DESERT CRAFTS
636 STATE STREET
SHOP
EL CENTRO, CALIFORNIA
THE DESERT MAGAZINE
 
DESERT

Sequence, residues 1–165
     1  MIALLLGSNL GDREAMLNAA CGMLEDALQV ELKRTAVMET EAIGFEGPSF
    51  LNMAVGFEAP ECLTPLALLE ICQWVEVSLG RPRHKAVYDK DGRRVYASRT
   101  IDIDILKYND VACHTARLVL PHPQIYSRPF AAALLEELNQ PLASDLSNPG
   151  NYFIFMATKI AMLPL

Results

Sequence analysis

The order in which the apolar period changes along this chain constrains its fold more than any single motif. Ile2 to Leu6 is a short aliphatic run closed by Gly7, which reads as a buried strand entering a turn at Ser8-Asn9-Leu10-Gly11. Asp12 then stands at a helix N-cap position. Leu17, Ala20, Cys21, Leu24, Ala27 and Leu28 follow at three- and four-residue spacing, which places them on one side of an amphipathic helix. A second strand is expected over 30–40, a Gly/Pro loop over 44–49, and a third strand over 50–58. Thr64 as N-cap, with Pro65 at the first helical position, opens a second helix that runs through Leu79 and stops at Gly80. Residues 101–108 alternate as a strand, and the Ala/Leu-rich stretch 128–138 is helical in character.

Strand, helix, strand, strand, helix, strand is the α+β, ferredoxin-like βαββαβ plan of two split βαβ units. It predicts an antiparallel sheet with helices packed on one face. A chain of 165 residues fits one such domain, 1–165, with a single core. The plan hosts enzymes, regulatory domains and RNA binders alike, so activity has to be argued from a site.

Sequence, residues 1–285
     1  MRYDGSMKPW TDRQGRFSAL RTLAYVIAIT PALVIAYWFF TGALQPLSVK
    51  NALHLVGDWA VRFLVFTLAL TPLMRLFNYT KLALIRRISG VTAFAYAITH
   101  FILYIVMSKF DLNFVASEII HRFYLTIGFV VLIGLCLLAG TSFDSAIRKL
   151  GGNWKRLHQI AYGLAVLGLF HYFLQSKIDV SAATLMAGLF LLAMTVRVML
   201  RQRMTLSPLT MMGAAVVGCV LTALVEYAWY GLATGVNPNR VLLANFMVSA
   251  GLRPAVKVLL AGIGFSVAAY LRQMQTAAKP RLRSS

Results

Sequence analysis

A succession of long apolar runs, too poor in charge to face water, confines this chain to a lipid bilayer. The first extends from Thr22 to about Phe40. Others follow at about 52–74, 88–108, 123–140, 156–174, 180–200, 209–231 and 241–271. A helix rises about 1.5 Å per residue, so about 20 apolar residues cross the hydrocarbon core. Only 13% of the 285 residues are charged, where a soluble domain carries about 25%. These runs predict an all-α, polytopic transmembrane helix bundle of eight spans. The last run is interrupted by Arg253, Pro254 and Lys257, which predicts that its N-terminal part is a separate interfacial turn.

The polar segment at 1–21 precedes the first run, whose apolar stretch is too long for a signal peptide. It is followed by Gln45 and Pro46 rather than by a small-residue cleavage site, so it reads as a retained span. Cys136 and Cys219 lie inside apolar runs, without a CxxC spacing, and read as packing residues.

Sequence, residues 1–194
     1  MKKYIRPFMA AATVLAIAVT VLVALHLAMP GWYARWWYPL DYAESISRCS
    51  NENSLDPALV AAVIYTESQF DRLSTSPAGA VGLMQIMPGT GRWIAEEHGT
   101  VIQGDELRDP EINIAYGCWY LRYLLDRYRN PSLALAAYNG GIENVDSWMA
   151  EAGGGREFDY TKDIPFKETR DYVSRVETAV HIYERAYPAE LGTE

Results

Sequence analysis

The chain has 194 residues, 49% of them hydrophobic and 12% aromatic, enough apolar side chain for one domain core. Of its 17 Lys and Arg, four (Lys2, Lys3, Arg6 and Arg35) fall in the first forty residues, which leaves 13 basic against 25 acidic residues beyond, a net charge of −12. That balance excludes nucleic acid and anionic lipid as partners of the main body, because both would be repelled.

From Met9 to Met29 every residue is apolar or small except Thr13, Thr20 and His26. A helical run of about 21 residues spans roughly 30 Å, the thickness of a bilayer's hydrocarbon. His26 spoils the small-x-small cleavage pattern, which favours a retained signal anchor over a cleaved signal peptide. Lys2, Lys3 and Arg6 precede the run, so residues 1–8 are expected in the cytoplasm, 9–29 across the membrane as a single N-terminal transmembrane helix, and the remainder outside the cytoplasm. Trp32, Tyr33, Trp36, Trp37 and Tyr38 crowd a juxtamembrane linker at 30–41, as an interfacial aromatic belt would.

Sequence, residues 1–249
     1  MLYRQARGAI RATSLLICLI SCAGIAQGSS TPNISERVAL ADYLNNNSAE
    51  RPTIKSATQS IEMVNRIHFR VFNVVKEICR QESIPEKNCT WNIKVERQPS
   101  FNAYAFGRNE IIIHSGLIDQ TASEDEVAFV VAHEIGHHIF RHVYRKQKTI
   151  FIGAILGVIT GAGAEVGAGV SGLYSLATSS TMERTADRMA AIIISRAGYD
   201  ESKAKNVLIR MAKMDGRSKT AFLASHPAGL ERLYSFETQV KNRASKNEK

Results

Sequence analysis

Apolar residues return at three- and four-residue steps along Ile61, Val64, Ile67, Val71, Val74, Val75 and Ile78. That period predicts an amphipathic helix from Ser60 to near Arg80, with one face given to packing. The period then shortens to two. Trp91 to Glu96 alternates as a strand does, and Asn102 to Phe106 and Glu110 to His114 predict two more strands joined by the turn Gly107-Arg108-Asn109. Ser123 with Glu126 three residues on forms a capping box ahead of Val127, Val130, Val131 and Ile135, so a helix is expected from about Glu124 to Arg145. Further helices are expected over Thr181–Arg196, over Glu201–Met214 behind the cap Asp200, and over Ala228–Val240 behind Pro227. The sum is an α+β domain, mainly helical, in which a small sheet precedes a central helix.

• On the back page of this issue ofDesert is part of a story which beganthe weekend of December 7, 1941, up inthe Sheep Hole mountains north of Sal-ton Sea. Desert's Editor Randall Hen-derson, his daughter and son Evonne andRand were hiking back to their car afteran exploring trip with the Sierra club.Into the still atmosphere of the desertcanyon a radio brought sudden strangewords "Hawaii and Philippinesbombed!" . . . They drove away fromthe quietness and peace in silence. Thatevening Rand said, "I plan to enlist assoon as my place can be filled in the of-fice."And now his sister Evonne car-ries on as circulation manager of Desert.And somewhere out there in the farSouthwest Pacific Rand serves with theMarine Corps. On some of the quietsuspense-filled evenings he looks out theflaps of his tent at a moon which heknows is silvering the sand dunes andsifting a radiance on tall palms that moveslightly in a whispering rustle above adead campfire in a faraway desert towhich he longs to return—as soon as "itis finished."After many months' work on a min-ing project in the war effort, John Hiltonis back at his art and gem shop on High-way 99 a few miles south of Indio, Cali-fornia. John says he will start writingand painting again, spending part of histime and all of his gas to prospect forminerals needed by the government.Dorothy L. Pillsbury who this monthtells about a Christmas she spent onAcoma mesa in New Mexico is a newcontributor to Desert's pages, but she isknown to readers of Christian ScienceMonitor, Coronet, Sea Magazine andmany other publications. Most of herlife has been spent in California, whereshe graduated from Pomona College.For 15 years she was a social worker inand around Los Angeles. Five years agoshe went to New Mexico for a vacation,and like many other residents there,"just stayed." Now she has her ownadobe house and her own wedge ofadobe soil. Her special interest is in In-dian and Spanish-American cultures ofthe Southwest, which she has studied inUniversity of New Mexico, Old Mexicoand Puerto Rico.• Theron Marcos Trumbo who wrotethe story of Guadalupe Day ceremony inthis issue is another new contributor. Al-though he has been writing trade articlesand coetry for 13 years he considers thishis first "important sale." His ambitionalways has been to portray Indians andMexicans in the Southwest both in?rticles and fiction. But until ill healthbrought him to New Mexico his environ-ments in Kansas and Michigan affordedlittle opportunity to develop this inter-est. Now he has "dusted off the olddreams," and is writing and paintingwhile paying the grocer and landlady outof a salary earned as statistician.